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My First Serious Malfunction With My G19

Discussion in 'General Glocking' started by SCshooter23, Mar 27, 2012.

  1. SCshooter23

    SCshooter23

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    Good evening everyone,

    I'm new here and was needing some help with a serious malfunction that I had on my 3rd Gen Glock 19. I was at the range this weekend and was shooting and I had what I thought was a hang fire. I waited a minute or two and then went to eject the round. Much to my dismay, the slide would not budge. I put some serious muscle on it, but it wasn't moving. I feel like an ***, but I didn't clear it before I left the range. I know this is not ideal, but I could not clear it, and still being somewhat of a novice, I didn't have much choice since I did not know what would cause such a problem or how to fix it. I was at an outdoor range with no RO there, so going to the RO was not an option.

    So, my slide is locked and will not move, I have a live round in the chamber, the trigger is depressed and will not reset. I have done some reading and from what I've read, I need to essentially use a rubber mallet to get the slide to rack due to a bad crimping issue on that particular round. These are not reloads. I was using Federal FMJ in 9mm Luger. I live in the city, so hammering on the gun at home is not a good idea since it would be very bad if I had an ND. Is my analysis of the problem accurate? I called the local shop with a range and told them the issue and they said I could bring it in for their smith to fix it. Should I do that or just go back to the range with a rubber mallet and do it on my own?
     
  2. stolenphot0

    stolenphot0 RTF2 Addict

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    I would say that if you aren't confident in fixing it yourself, take it to the smith. Leave it in your car, go in tell him the problem then bring it in when they say its ok.
     

  3. SCshooter23

    SCshooter23

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    It's not that I'm not confident in fixing it, I am just seriously concerned about an ND while hammering on the gun since there is a live round in there. I'd have it pointed in a safe direction and everything, but again, I live in the city and an ND would be no bueno. I was planning on taking it to the smith for sure, but I wanted to get some insight into what causes this kind of problem so I understand what is going on with it.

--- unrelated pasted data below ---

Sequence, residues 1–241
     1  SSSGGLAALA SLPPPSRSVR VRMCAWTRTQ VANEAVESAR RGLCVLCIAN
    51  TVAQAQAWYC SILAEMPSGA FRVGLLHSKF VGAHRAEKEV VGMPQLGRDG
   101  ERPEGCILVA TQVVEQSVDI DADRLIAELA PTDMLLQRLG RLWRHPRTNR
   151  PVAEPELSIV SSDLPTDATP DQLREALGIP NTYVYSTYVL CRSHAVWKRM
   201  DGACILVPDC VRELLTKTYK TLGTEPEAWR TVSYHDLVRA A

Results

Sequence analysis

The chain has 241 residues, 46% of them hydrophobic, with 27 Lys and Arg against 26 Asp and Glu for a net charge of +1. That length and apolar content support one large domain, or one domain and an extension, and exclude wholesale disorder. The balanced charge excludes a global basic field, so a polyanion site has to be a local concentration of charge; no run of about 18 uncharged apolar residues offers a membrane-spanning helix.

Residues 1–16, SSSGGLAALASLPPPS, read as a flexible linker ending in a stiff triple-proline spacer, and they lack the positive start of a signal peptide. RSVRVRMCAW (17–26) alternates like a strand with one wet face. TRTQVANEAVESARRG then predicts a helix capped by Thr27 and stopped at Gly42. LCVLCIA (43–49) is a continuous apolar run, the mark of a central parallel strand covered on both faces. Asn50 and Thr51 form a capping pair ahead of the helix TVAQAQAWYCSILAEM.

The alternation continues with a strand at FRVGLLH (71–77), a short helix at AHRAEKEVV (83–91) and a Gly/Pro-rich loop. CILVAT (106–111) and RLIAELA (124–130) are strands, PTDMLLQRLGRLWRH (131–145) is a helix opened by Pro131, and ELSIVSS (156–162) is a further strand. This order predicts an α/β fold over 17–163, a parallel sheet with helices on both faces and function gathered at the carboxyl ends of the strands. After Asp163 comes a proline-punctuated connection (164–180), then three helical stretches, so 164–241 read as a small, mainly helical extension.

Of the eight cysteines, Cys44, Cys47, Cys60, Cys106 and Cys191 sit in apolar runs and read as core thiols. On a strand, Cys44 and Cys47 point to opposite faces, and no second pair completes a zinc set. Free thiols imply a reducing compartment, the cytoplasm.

4. M&P Shooter

    M&P Shooter Metal Member

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    I would take it to the gunsmith so if any scratches have to made on finish while getting the slide open it's on the shop not a total out of pocket to you for a slide refinish:cool:
     
    Last edited: Mar 27, 2012
  5. Gperfection

    Gperfection

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    You should probably go to the shop that has the gunsmith. If it were me, I would put it in my padded jawed vise and get it open. All the while the muzzle pointed at something I don't care about. Are you absolutely certain that a round is in the chamber? Is the loaded chamber indicator protruding? It could have been a wrong round, boxed in with the rest of your rounds. Or maybe just an out of spec. 9x19 round. Sometimes when the bullet is pressed into the shell case, it can catch on the edge and kind of roll up the case a little. That will cause a jam, you are describing. I don't think you should beat on it with a rubber mallet.
     
  6. Arc Angel

    Arc Angel Deus Vult!

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    No joke! I'd tell you how to fix the problem without using a hammer; but, because of your lack of experience, I'd strongly suggest you take that G-19 to a qualified Glock Armorer.
     
    Last edited: Mar 27, 2012
  7. TexasPOff

    TexasPOff "Tactical Hobbit"

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    I'm with Arc on this one. Take to an Armorer or qualified smith. Don't become a front page headline. TXPO
     
    Last edited: Mar 27, 2012
  8. SCshooter23

    SCshooter23

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    Took it to a smith. I'll keep you posted.
     
  9. Bren

    Bren NRA Life Member

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    It seems to me that if the trigger is stuck at the rear, that also means the striker safety is depressed, so there is nothing blocking the striker from hitting the primer. That might be a problem if you are trying to hammer the round out somehow. Take it to an armorer or gunsmith.
     
  10. wuvmyglock

    wuvmyglock

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  11. DannyII

    DannyII

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    Good call on taking it to someone who knows what they're doing. Better safe than sorry.
     
  12. MikeG36

    MikeG36

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    I'm glad to hear you took it to a gunsmith. Hopefully he knows Glocks. Good luck.